Could Low Down Payment Programs Sink Housing Again?
Depending on who you ask about low down payment programs, you’re bound to get varying opinions. While some believe that zero- to low-down-payment loans were partially responsible for causing the housing bubble, others think that these programs are much needed to help grow housing. Here’s why many believe that an increase in 97% loan-to-value (LTV) lending returning to housing isn’t something to fear:
- Today’s housing market isn’t the same as it was in 2007. An increase in lending regulation has addressed many of the issues which spurred housing’s demise eight years ago.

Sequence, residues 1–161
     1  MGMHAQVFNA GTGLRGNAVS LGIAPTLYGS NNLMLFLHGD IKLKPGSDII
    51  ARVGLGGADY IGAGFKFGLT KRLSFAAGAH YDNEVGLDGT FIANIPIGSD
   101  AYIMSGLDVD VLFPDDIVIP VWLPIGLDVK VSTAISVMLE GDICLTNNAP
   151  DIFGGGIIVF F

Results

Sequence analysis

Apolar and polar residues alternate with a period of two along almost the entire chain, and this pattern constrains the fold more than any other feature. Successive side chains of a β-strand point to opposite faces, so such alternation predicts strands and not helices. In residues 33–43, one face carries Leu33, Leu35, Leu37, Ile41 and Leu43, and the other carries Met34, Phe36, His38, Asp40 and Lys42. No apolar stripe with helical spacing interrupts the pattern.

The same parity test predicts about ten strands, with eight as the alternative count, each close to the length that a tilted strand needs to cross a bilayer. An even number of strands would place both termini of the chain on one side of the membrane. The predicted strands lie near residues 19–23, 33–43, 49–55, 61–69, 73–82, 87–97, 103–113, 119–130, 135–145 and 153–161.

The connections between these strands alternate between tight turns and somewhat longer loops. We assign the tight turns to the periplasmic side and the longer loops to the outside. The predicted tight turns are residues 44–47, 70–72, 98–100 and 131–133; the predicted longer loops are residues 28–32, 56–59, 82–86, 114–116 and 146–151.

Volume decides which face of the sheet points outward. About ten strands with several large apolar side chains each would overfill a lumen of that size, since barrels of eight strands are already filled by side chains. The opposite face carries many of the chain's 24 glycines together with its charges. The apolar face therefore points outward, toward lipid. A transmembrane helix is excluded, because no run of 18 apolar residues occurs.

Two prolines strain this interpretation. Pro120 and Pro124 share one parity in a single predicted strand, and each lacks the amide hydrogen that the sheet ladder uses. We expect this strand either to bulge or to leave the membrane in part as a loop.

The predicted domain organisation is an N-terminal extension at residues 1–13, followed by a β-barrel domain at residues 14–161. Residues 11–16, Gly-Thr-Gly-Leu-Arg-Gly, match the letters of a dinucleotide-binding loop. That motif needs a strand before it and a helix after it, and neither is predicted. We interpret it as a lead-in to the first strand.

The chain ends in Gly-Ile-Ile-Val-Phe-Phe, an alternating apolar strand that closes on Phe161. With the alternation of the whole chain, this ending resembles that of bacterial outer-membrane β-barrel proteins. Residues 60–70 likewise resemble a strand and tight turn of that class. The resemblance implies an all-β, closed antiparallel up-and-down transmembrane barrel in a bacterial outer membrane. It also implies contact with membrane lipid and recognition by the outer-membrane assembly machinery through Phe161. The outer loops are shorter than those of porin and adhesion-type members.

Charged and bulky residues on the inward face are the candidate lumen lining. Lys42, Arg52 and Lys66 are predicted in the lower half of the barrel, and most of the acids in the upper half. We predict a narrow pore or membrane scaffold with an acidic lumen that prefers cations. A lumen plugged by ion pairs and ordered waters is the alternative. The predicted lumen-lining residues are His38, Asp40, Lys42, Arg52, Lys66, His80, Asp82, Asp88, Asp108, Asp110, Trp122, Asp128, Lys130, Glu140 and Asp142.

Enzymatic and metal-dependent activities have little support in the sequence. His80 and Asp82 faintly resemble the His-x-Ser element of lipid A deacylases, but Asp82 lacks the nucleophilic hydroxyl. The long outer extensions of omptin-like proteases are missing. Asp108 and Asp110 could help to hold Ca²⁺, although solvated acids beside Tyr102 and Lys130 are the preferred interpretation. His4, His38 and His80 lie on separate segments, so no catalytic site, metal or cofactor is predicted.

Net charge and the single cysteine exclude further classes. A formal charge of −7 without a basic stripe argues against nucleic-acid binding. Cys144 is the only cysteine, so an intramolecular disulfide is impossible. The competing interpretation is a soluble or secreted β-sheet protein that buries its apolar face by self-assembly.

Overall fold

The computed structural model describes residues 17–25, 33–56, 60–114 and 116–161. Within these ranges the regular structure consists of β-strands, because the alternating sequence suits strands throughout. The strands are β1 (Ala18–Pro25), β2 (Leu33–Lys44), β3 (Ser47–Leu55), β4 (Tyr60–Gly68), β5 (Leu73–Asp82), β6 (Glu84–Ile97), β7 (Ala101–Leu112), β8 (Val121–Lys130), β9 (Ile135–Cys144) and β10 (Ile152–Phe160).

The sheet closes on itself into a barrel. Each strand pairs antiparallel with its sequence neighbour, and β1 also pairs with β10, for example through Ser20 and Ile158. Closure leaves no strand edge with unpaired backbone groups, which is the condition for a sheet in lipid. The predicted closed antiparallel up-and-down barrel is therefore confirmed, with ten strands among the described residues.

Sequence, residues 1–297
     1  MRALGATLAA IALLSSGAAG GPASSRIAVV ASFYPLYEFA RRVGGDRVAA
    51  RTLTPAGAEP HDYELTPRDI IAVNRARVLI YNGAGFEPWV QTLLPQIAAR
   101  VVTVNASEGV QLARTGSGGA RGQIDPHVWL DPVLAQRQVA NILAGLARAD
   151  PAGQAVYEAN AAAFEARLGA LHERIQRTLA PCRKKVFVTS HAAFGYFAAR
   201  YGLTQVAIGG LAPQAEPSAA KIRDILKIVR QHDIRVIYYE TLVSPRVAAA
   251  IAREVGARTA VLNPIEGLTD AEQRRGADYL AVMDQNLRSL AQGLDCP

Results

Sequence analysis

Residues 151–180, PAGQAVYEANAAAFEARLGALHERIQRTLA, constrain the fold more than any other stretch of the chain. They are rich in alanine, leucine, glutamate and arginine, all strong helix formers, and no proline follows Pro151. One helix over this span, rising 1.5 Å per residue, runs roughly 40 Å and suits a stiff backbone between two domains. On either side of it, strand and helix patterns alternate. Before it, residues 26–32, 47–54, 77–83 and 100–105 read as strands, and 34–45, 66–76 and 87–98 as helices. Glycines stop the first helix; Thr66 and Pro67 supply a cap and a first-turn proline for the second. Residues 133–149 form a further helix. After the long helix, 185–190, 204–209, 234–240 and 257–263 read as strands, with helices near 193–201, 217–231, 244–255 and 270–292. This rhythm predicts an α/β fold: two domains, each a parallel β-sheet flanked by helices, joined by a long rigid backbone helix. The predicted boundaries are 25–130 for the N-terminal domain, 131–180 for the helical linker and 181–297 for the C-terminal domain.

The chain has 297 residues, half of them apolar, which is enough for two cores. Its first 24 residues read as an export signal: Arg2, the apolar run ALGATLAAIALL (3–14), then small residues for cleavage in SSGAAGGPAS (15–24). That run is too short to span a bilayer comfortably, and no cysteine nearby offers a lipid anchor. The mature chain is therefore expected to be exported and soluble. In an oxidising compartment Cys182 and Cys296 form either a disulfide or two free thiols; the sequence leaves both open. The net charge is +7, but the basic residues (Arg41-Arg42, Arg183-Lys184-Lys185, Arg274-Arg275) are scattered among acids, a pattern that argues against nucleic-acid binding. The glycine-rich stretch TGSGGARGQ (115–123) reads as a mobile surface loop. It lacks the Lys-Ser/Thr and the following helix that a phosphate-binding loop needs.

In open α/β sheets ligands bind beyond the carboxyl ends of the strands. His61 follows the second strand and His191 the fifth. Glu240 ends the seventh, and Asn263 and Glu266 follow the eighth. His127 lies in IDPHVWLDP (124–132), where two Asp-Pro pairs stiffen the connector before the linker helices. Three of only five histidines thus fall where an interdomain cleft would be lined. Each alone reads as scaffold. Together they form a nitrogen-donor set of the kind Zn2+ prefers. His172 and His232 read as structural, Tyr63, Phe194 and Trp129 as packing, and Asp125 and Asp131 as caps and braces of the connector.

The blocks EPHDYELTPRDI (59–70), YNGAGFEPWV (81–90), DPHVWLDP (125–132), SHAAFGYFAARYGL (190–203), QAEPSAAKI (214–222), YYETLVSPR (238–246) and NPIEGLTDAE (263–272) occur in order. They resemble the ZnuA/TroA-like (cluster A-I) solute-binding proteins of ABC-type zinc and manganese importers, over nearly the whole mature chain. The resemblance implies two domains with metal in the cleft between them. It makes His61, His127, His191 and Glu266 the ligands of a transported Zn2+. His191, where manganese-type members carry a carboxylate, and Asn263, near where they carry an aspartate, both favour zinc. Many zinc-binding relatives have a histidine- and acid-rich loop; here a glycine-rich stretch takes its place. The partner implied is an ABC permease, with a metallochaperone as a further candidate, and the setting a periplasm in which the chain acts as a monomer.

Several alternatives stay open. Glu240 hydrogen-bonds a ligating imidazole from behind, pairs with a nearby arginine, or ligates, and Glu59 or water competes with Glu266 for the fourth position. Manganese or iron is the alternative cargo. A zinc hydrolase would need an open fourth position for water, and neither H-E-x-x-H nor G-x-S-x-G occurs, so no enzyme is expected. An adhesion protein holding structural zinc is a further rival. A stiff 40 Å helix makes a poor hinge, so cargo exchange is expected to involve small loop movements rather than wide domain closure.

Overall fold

- If homeownership rates are to increase, low down payment programs need to be available. For example, the median price home price in Orange County in January was $674,340. This means that for a conventional 20% down payment, a whopping $134,868 would be needed. This amount just isn’t realistic for most first-time homeowners.
- Low down payment programs are needed for the housing and mortgage industries to thrive. They aid in allowing renters to transition to homeowners, planting roots and helping to establish well founded communities.
So as you can see, the 97% LTV programs are much more likely to keep housing afloat, than to sink it given the current market and economic environment.